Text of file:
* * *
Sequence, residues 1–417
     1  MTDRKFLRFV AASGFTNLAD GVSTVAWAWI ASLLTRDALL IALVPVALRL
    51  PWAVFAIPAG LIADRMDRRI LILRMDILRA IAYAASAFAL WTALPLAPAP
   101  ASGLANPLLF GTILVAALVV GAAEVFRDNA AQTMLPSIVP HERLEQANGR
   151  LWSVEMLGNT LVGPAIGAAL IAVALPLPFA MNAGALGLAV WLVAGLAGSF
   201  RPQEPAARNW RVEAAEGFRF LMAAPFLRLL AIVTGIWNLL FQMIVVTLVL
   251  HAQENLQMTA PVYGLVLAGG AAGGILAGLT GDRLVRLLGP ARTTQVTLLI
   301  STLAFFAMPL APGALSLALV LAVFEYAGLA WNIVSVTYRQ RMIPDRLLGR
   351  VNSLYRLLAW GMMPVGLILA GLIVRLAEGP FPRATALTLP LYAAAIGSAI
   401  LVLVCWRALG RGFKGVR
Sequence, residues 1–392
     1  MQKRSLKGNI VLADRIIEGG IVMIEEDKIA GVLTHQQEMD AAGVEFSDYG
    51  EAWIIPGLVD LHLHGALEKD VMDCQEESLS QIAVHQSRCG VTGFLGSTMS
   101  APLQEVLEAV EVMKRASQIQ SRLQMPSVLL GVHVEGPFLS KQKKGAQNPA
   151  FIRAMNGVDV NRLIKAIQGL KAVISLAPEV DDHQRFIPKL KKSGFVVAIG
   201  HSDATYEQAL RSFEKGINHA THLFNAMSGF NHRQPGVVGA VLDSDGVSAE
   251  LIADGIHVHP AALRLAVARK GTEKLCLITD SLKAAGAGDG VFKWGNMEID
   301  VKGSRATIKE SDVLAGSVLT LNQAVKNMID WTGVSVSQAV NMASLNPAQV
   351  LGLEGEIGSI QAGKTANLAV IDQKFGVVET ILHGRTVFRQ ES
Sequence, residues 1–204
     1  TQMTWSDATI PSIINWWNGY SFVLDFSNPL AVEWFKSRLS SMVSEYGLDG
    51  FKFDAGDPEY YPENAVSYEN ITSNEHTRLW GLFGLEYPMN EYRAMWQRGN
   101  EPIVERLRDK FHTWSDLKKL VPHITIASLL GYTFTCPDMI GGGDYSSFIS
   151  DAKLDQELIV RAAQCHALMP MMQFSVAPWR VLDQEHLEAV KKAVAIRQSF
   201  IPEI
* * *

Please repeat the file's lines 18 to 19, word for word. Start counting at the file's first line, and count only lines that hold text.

   301  VKGSRATIKE SDVLAGSVLT LNQAVKNMID WTGVSVSQAV NMASLNPAQV
   351  LGLEGEIGSI QAGKTANLAV IDQKFGVVET ILHGRTVFRQ ES